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The Battalion

The Student News Site of Texas A&M University - College Station

The Battalion

The Student News Site of Texas A&M University - College Station

The Battalion

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Beto O’Rourke visits A&M during Texas college tour

Photo by Robert O’Brien

Democratic gubernatorial candidate Beto O’Rourke speaks in Rudder Theatre on Wednesday, Sept. 28, 2022.

Thirty-five days ahead of Election Day, Democratic nominee for Texas governor Beto O’Rourke visited Texas A&M’s campus — hitting his most controversial talking points at the state’s largest university. 

Hundreds of students gathered in Rudder Theater on Wednesday, Sept. 28, to hear O’Rourke speak about the state’s largest issues, including abortion rights, gun violence and the power grid. Six months after his previous visit to College Station in March, ahead of the gubernatorial election, O’Rourke honed in on specific goals he hopes to achieve if elected to office.  

Following his opening remarks, O’Rourke spoke on the issue of abortion in Texas, citing the story of Texas women prevailing in the original 1973 Roe v. Wade Supreme Court case  ultimately winning the constitutional right to abortion. After the case was overturned in June, O’Rourke said it is now up to voters to return rights to women. 

“If Texas women want the right for privacy, to access abortion, to make their own decisions about their own bodies, I bet in 2022, women are going to win it back right here in the state of Texas,” O’Rourke said. 

O’Rourke then transitioned to current Gov. Greg Abbott’s failures to maintain the Texas power grid in extreme weather — resulting in the death of almost 700 Texans in February 2021. 

“The fact is we’re reminded earlier that the people in power can’t keep the power on for the people that they serve,” O’Rourke said. “Last February, your lights went out, heat stopped running [and] water stopped flowing because it was literally frozen in your pipes.”

In addition to the power grid failure, O’Rourke cited Abbott’s missteps to prevent and respond to the Uvalde tragedy in May. O’Rourke described his goals of implementing a red-flag law, universal background checks and raising the age of purchase for AR-15s to 21 years old. He said it’s important to put children first, above gun lobbyists and the National Rifle Association.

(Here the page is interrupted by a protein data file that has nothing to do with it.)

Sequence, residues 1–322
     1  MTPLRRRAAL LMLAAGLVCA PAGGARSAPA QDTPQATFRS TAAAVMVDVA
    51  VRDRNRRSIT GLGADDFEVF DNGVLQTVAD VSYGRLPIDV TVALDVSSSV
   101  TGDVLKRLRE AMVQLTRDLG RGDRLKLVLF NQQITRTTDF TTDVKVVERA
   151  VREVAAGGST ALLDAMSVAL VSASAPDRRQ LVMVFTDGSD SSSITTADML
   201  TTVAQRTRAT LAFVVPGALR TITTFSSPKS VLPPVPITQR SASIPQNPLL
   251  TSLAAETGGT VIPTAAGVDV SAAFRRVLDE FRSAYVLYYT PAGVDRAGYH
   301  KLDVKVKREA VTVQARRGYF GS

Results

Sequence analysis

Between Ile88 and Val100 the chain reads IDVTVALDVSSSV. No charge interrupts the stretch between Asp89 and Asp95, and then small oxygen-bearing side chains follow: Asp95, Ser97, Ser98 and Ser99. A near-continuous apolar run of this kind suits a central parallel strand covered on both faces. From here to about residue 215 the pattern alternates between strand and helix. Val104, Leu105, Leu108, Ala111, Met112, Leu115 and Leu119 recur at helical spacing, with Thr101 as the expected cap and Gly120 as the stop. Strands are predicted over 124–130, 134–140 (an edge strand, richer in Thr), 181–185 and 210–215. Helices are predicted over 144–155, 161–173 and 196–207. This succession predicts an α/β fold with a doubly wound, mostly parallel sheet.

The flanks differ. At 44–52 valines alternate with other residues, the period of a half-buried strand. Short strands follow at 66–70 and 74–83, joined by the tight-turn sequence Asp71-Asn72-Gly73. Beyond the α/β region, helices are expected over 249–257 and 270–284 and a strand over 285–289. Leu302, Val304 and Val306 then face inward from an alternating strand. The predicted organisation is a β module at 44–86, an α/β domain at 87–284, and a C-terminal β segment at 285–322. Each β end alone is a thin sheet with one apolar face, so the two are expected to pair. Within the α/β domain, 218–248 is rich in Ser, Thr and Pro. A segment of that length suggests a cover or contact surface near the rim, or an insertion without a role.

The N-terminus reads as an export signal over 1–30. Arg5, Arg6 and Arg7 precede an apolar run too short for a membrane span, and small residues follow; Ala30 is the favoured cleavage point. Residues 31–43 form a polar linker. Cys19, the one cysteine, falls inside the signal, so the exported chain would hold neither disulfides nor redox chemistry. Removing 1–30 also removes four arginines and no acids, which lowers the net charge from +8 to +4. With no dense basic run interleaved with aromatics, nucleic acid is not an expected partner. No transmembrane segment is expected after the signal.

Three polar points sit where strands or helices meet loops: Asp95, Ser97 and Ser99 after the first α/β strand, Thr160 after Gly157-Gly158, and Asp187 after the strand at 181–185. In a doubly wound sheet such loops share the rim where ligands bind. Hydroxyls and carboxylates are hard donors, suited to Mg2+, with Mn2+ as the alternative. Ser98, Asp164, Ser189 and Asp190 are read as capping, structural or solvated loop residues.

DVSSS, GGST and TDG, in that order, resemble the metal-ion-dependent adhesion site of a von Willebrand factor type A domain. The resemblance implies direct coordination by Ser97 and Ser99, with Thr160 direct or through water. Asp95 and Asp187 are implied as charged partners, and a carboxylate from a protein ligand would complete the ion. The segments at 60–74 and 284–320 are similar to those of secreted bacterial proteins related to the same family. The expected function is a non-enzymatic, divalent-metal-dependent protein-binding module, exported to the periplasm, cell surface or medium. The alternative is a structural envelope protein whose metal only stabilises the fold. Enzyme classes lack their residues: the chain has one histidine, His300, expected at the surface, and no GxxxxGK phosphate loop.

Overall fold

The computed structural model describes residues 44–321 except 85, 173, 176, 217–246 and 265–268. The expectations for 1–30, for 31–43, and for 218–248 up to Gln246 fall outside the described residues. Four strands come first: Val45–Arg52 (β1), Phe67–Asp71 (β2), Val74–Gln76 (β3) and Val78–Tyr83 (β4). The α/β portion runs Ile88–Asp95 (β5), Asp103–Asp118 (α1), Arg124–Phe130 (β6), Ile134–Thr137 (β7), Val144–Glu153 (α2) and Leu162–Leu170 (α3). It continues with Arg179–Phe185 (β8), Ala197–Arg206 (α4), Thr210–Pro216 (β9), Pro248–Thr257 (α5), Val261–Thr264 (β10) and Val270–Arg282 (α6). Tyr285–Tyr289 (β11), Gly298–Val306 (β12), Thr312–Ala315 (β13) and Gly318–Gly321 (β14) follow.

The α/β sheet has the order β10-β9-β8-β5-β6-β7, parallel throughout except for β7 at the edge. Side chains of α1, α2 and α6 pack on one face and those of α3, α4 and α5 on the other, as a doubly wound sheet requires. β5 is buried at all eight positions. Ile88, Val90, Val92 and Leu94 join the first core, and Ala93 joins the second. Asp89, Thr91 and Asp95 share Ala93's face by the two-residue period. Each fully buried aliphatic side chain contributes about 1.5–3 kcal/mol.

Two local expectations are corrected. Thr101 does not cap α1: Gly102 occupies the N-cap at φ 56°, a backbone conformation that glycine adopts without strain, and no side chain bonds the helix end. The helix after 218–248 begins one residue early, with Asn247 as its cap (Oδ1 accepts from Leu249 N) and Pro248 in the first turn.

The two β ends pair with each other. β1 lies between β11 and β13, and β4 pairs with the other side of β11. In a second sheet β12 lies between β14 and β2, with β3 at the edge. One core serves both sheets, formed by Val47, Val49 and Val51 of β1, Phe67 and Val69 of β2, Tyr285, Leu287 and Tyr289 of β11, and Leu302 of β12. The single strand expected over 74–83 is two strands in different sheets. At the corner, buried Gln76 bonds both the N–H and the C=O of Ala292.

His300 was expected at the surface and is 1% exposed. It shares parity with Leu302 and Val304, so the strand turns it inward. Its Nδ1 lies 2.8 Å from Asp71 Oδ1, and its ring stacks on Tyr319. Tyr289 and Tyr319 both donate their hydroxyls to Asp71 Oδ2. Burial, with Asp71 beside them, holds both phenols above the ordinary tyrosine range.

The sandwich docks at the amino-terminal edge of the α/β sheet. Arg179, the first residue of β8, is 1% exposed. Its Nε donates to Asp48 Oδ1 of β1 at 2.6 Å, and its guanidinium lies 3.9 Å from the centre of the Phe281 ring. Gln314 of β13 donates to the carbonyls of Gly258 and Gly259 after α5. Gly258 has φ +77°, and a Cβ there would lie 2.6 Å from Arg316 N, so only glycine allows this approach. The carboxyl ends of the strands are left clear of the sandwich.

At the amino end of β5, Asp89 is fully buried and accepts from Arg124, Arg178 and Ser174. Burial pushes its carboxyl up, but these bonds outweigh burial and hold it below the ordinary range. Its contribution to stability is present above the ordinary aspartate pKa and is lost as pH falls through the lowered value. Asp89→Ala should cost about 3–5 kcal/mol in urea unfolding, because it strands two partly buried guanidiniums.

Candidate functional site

“[The children in Uvalde] were defenseless against a governor who would not lift a finger to prevent that from happening in their school, this school or any other classroom across the state of Texas,” O’Rourke said. “Five of the worst mass shootings in U.S. history have taken place on this governor’s watch.”

O’Rourke ran through a list of his goals in office including: eliminating the State of Texas Assessment of Academic Readiness, or STAAR test; lowering the rate of adolescent diabetes in Texas; increasing mental health services outside of the county jail system; Medicaid expansion and property taxes. 

To conclude his speech, O’Rourke criticized the current treatment of U.S. veterans which results in homelessness, fatal disease and mental illness — some issues which he believes could be resolved with legalized marijuana. O’Rourke said beyond legalizing the substance, he intends to expunge arrest records for anyone charged with marijuana possession or use. 

“All customers of all ethnicities and all races and all backgrounds use marijuana at roughly the same rate,” O’Rourke said. “But disproportionately, it will be Black and brown Texans who are stopped, who are frisked, who are incarcerated for possession.”

Standing outside of O’Rourke’s speech were protesters showing their support for the current governor. One protester, John Nicks, said he believes O’Rourke will only have negative effects on the state, if elected. 

“There’s just a lot of things that Beto [O’Rourke] does that I just don’t like,” Nicks said. 

Volunteers were present at the event to sign students up to go door-to-door urging their peers to vote in the upcoming election. Business management senior Yovanka Gonzalez said it’s important for students to be informed on O’Rourke’s policies. 

“I think there’s a huge miscommunication and misinformation happening [often] on the internet,” Gonzalez said. “It’s very important and vital for college students to come out and hear politicians themselves talk about their policies, and the importance of that, especially when it comes to voting and considering that we had the early voting location taken away here from the [Memorial Student Center].”

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